I’ve been enthralled by the recent writing on the revival of the Incredible Bongo Band’s 1972 LP, Bongo Rock, which contains the cover track Apache, a heavily sampled song in hip-hop for its wicked bongo/percussion breakbeat.
The New York Times wrote a piece about the album, which is being properly reissued after decades of bootlegging. Soul Sides followed with a little more detail about Apache. (An aside: If you’re not reading Soul Sides, you’re really missing out.) As a fan of hip-hop, I’d probably heard Apache copped thousands of times with no idea about the rich, and somewhat sordid, history of the song.
The short version is that the legendary Kool Herc got his hands on a copy of Bongo Rock, which was all but forgotten, and introduced it to his weekly DJ night in New York. Extra copies of the same record “allowed him [Herc] to extend percussion-driven sections of songs indefinitely through hand manipulation of the turntables, creating hypnotic percussive loops” (Times story). That gave rise to the use of the breakbeat, an especially vital part of a track for the B-boys and B-girls (or breakdancers).
Another post by Soul Sides from last year gives you mp3s of the various versions of Apache and just a few of the hip-hop songs (The Roots’ Thought @ Work, Nas’ Made You Look) that sampled it. DJ Z-Trip blended the break in Apache with Madonna’s Like a Prayer on the never-cleared but popular Uneasy Listening Vol. I with DJ P. The-breaks.com gives a list of songs that use the sample, though I’m guessing it’s only partial.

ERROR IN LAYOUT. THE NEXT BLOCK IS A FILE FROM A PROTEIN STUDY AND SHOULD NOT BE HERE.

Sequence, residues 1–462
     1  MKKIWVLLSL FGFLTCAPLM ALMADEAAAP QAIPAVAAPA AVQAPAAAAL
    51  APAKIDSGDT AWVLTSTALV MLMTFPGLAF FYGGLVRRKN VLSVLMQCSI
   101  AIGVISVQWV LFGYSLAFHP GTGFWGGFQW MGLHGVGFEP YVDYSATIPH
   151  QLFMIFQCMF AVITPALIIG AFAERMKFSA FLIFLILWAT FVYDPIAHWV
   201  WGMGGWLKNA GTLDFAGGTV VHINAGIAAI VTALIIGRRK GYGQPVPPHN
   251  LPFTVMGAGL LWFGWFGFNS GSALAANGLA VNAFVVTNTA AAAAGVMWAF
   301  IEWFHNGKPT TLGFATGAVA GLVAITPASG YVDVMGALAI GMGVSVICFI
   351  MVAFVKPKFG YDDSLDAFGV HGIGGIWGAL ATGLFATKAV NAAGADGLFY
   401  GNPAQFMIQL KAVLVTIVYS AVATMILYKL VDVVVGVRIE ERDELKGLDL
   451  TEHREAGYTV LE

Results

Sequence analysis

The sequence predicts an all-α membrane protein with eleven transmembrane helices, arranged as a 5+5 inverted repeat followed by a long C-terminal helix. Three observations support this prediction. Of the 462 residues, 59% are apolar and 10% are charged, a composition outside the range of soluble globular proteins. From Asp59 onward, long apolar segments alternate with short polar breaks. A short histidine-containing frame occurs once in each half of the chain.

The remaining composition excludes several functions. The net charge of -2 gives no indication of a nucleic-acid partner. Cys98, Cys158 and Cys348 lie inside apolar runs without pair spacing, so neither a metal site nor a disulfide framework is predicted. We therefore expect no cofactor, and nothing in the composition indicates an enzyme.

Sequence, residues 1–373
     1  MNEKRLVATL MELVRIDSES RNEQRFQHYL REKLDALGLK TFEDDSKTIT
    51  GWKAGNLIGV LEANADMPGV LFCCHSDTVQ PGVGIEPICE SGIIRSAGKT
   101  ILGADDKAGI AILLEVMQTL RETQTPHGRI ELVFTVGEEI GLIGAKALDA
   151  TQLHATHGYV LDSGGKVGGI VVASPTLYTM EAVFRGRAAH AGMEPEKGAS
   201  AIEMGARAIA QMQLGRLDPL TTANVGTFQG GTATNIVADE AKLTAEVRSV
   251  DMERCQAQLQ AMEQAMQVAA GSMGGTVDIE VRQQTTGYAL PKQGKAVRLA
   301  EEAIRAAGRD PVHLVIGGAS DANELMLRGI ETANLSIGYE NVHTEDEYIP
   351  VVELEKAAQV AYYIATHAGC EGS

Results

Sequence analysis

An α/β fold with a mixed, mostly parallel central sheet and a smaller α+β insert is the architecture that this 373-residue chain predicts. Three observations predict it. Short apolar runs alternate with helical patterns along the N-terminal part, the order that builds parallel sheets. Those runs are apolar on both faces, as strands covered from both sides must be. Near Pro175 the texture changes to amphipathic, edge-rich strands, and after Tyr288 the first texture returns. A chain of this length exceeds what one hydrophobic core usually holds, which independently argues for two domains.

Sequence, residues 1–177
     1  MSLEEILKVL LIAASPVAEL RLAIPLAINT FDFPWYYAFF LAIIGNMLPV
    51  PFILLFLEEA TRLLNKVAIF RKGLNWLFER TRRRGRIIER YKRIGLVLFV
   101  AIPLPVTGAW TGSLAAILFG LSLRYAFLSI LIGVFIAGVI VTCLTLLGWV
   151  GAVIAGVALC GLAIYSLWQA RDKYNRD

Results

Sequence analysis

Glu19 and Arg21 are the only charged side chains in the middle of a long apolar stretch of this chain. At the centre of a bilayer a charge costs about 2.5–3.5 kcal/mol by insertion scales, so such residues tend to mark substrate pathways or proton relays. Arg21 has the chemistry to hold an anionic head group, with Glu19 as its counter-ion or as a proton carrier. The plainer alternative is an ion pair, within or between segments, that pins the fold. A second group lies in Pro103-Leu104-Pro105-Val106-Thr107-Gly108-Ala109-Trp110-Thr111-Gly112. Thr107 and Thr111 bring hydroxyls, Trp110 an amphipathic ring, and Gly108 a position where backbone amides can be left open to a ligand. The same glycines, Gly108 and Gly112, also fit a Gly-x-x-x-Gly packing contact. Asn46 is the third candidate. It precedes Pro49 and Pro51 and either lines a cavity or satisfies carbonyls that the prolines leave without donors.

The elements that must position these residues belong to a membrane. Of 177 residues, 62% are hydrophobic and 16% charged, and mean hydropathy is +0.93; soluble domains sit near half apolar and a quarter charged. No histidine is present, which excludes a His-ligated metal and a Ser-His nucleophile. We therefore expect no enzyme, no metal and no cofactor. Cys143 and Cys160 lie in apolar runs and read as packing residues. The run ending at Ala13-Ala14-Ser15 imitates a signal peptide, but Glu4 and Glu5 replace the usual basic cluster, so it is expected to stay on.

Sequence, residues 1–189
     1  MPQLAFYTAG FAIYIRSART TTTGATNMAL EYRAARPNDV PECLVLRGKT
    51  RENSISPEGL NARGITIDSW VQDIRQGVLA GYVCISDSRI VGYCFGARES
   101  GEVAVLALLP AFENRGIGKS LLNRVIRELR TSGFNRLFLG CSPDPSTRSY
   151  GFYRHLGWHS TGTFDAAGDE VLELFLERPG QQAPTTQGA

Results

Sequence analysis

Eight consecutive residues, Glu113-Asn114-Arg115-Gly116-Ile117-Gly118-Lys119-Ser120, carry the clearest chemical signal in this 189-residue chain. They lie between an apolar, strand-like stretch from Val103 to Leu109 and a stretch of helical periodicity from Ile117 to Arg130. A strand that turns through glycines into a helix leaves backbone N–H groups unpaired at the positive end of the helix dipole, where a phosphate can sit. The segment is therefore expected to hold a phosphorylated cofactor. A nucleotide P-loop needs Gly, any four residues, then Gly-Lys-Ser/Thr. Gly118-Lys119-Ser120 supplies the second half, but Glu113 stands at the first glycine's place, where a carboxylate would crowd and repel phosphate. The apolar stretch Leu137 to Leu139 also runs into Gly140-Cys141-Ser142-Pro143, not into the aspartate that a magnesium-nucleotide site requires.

Needless to say, I defer to Soul Sides, the New York Times article and music writer Michaelangelo Matos for historical context of Apache. It’s quite an amazing piece of hip-hop history. (Meanwhile, the reissue of Bongo Rock is available at eMusic, which includes the 7-plus-minute Grandmaster Flash remix.)
I’ll add to Oliver’s extensive post of mp3s with L.L. Cool J’s You Can’t Dance. From Matos: “I believe the first major rapper to utilize â€œApacheâ€ isâ€”and Iâ€™m happy to be proven wrong about thisâ€”L.L. Cool J, with â€œYou Canâ€™t Danceâ€ from his 1985 debut, Radio.”
Listen for the bongo break right at the chorus after L.L. spits, “You can’t dance.” On the raw and beat-heavy Radio, it seems like a natural spot for Apache’s introduction to the sampling world.
L.L. Cool J | You Can’t Dance
IN A BIZARRE COINCIDENCE, I swung by Z-Trip’s Web site. He’s made Uneasy Listening available for download in four parts on a new downloads page. I strongly suggest you grab that; it was a mash-up before the term was ever popular.The album never got a proper release, likely because attempting to clear the hundreds of songs used would be a lawyer’s nightmare. I believe about 1,000 copies were pressed; I’ve seen numbered vinyl at Amoeba.(If you’re looking for the use of Apache/Like a Prayer, it comes early in the mix.)